The estimates of variance for each trait were exploited from analysis of variance for the computation of genotypic variance (Vg), environmental variance (Ve), and phenotypic variance (Vp). These components of variation were further used for the calculation of broad sense heritability (h2 B.S) estimates and genetic advance (G.A). The estimates of genetic variance, phenotypic variance, heritability estimates, heritability %age, and genetic advance have been shown in Table 4.2.1.
It is evident from the table that plant height had maximum (129.92) genotypic variance. Plant height had been found to express highest values for components of variance as well as genetic advance and broad sense heritability. It is also clear from the table that there existed great difference between the values of genetic variance and environmental variance for the characters plant height and peduncle length. The higher values of genetic variance for these traits revealed that they were less influenced by environment. The higher values of genotypic variance may affect the heritability in positive manner. The parameter spike density expressed very low values for Vg, Vp, and Ve. Largest values of environmental variance (94.597) were observed for number of grains per spike which meant that this character was much influenced by environmental conditions. Phenotypic variance of grains per spike was found high as compared to environmental variance so selection on phenotypic basis for this trait could not be reliable.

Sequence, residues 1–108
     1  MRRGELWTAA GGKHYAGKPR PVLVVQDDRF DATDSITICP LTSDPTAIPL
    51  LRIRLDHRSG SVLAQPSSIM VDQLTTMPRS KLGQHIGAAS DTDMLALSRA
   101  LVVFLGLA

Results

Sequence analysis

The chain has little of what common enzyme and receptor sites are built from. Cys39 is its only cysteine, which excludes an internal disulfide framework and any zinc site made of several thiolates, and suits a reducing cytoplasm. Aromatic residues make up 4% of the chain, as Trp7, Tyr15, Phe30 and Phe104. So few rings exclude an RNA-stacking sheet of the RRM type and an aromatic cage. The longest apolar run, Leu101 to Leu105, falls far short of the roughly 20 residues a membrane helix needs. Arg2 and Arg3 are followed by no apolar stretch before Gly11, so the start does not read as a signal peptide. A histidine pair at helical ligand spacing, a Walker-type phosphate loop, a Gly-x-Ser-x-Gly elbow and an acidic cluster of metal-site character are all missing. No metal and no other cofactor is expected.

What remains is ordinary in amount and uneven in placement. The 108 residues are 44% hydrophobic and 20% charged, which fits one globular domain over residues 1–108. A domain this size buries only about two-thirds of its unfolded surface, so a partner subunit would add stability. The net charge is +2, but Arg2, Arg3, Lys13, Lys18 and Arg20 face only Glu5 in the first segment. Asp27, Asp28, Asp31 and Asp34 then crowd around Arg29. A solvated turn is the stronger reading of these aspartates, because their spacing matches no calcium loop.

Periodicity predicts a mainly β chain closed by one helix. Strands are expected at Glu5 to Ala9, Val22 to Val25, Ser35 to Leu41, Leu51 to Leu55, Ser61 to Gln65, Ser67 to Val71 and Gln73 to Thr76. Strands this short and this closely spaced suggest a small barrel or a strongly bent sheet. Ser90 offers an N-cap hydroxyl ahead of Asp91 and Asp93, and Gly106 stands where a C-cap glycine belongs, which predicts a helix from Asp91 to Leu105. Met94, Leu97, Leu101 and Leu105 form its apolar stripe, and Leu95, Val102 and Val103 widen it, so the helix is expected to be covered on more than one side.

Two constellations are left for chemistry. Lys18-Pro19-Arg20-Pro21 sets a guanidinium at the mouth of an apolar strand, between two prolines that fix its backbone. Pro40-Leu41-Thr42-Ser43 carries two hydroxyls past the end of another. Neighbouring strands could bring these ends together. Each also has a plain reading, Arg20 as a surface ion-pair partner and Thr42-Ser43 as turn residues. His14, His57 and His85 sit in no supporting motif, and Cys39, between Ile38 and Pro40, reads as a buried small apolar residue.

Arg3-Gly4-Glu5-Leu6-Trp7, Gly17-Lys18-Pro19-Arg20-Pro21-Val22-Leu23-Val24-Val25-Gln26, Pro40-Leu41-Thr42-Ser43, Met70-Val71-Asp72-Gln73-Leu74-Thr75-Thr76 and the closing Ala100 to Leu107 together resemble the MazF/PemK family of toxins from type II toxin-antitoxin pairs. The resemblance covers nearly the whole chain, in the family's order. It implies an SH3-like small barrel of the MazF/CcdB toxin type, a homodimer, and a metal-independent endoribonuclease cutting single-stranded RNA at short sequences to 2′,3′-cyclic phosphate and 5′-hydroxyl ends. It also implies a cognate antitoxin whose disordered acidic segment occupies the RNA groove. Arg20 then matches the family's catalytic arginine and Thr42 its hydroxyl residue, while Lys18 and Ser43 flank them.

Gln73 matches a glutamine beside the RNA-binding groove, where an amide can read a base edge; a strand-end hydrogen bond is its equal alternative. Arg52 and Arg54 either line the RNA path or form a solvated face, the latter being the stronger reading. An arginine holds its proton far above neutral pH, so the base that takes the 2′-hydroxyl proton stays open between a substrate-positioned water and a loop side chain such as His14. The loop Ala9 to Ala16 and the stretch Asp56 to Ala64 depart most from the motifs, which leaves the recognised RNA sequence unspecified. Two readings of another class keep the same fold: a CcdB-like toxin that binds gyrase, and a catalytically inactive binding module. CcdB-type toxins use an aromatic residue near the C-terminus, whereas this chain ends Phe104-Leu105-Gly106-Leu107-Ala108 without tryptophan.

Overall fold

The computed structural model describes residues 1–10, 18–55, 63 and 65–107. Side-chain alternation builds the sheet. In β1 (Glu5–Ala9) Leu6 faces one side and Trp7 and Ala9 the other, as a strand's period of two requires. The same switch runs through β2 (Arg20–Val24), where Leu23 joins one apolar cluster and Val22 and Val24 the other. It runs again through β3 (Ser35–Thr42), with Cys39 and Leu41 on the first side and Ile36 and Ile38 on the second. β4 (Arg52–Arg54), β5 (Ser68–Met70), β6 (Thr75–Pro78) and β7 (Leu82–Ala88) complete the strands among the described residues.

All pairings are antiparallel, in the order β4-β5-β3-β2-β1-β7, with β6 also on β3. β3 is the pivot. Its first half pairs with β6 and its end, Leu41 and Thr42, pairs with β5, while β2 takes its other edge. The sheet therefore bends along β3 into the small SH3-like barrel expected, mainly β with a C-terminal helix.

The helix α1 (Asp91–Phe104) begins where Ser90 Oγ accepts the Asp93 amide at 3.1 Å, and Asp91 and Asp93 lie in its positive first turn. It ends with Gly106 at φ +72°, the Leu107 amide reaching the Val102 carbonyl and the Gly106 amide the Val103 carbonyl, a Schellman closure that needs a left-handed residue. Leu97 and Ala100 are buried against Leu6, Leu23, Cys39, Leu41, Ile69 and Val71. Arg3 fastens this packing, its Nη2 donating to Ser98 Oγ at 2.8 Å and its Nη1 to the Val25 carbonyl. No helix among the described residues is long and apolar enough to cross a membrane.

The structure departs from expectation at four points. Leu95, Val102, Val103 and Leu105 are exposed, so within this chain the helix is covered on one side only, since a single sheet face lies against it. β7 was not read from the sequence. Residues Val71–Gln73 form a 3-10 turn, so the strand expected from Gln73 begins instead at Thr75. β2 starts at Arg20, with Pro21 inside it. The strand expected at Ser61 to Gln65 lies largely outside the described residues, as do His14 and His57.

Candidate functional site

4.3. Heritability and genetic advance
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Selection has been considered a basic tool for the development of new cultivars of field crops. The efficacy of the selection of yield related components depends on the genetic variation and percentage of heritability (Mahpara,2008). Heritability estimates pointed that certain morphological traits influencing grain yield in wheat, were more heritable than yield because yield is a polygenic trait and is greatly influenced by the environment. Ketata et al. (1976) reported moderately high heritability estimates for grains weight and plant height, moderate estimates for number of tillers, and low for spikelets per spike, grains per spike, and grain yield per plant when studying winter wheat crosses.
Heritability and genetic advance are important selection parameters. High heritability estimates along with high genetic advance are usually more helpful in the forecasting of the performance of genotypes and the selection based on these factors could play a vital role in the improvement of grain yield (Iqbal and Khan, 2003). However, it is not necessary that a character expressing high heritability will also exhibit high genetic advance (Singh and Narayanan 1993).
It is obvious from the Table 4.2.1 that the trait plant height has occupied top position for heritability (0.7541). Aycicek and Yildrim (2006) found low heritability estimates for plant height (0.0402). In contrast, Mehta et al. (1997) found middle value and Mossad et al. (1990) and Bhutta et al. (2006) reported high heritability for plant height. Environmental conditions affect the studies conducted for the evaluation of biometrical analysis to a great extent. Although, a breeder can significantly control the environmental variations but cannot eliminate them completely. So a great difference may be seen among the findings of different breeders. According to Rambaugh et al. (1984) heritability studies must be conducted in favorable environments as genetic factors like genetic variance, broad sense heritability and genetic advance are decreased under unfavorable environments.